Why use Github actions?
Much of software development involves repetitive tasks, which consumes a major chunk of time. This time can be more efficiently used by the developers in actually producing code, instead of on these repetitive tasks, which can easily be automated by GitHub actions.
Further, repetitive tasks tend to become mundane, and can easily cause a step or two to be missed when routinely performing the same tasks. Github actions help automate these tasks and ensure that every step is run precisely each time.
When multiple developers or development teams are working on a large project, CI/CD becomes the core requirement, which allows developers to commit code without affecting the work of others in the team. GitHub actions with its built-in CI/CD fit the bill perfectly.
How Github actions can be useful?
The possibilities for GitHub actions are endless. You can make use of useful actions already created by the community, or create customized actions that suit your requirements as needed by your repository.
Generally, Github actions can be useful for four primary groups of tasks:
1. Code Scanning
Each time a file is committed to the repository, the workflow can be used to trigger an action to scan the code for ‘malicious’ or ‘erroneous’ content. If such content is detected, the developer can be notified via email. Further, the action can also be used to check for sensitive content accidentally left in the file during development, such as passwords or API tokens.
This helps in consistently keeping the code clean, the developer safe from accidentally publishing sensitive content, as well as the users safe from downloading and using malicious or erroneous code.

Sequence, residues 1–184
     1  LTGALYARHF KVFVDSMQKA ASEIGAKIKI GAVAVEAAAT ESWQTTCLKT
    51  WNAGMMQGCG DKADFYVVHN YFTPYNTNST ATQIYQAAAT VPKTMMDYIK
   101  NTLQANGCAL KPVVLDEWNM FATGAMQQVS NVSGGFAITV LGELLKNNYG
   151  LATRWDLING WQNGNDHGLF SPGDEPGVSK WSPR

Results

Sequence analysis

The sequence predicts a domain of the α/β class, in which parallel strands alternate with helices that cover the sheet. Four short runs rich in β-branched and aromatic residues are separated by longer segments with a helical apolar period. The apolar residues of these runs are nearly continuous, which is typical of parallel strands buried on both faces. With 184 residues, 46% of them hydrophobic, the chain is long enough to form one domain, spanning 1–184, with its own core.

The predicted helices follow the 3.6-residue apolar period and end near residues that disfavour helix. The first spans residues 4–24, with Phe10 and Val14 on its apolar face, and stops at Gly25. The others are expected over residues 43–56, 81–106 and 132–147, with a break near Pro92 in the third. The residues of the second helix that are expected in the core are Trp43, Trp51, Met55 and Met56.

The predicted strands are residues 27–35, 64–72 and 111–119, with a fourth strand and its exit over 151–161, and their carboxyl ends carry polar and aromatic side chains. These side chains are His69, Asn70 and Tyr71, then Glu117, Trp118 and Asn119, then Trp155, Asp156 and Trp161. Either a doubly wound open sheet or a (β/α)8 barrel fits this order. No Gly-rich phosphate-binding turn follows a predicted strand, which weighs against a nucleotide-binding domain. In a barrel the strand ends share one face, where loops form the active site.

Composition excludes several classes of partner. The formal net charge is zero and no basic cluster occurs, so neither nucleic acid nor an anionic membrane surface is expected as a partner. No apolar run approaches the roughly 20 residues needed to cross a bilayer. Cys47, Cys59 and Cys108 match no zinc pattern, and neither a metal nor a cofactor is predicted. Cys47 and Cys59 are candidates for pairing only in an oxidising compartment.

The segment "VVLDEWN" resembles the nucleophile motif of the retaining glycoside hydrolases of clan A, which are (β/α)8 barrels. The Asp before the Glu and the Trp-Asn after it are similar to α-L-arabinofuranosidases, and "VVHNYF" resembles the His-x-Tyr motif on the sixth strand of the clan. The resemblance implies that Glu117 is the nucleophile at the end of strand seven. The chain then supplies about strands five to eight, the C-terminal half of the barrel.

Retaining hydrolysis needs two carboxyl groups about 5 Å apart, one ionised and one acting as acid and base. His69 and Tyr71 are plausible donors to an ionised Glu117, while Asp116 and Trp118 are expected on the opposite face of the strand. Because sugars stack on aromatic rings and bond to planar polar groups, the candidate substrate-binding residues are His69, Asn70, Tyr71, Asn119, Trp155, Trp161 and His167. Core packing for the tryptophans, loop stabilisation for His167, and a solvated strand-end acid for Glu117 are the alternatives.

2. Coding Standards
An action can be used to scan the committed file and ensure that all the relevant coding standards have been followed by the developer. Accordingly, the developer can be notified via email regarding notices, warnings, and breaches in the standards, for necessary rectification.
This helps make sure the content committed is always up to coding standards and can easily be followed by fellow developers, ensuring ease of maintenance and ongoing development.
3. Building, Publishing, and Deploying Code
Most software packages begin as source files written by developers in human-readable code and are required to be compiled into a machine-readable installation package. Github action can be used to automatically build the code from source files as needed, which would then be suitable for publishing or deployment.
Once the code is built, the action can go further and either publish the package (eg: WordPress Plugins) or deploy the same to a live server. This automation eliminates a plethora of possible errors that can be committed by the developer at each stage.
Github actions can also be used to perform routine tasks which commonly plague software developers such as sending email to users when a new version is launched, auto-updating the changelog, etc.
The creation of actions in Github is only limited by the extent of your customization and the requirement of your repository. Actions can be integrated with GitHub's APIs and any publicly available third-party API.
Ways to create Github actions
Github actions can be created in three environments, depending on the Operating system:
|Composite run steps||✔️||✔️||✔️|
Actions using the Docker container can only execute on the Linux OS. You must use a Linux OS and have Docker installed to run Docker container actions. The Docker container allows you to use specific versions of an OS, dependencies, tools, and code. It is more consistent and reliable because the consumer of the action need not worry about the tools or dependencies.
Composite run steps actions
This allows you to combine multiple workflow run steps within one action. For example, you can use this feature to bundle together multiple run commands into an action, and then have a workflow that executes the bundled commands a single step using that action. To see an example, check out the documentation.
We will learn about action.yml metadata file,
in the next blog titled Creating and working with action.yml
Do stay tuned.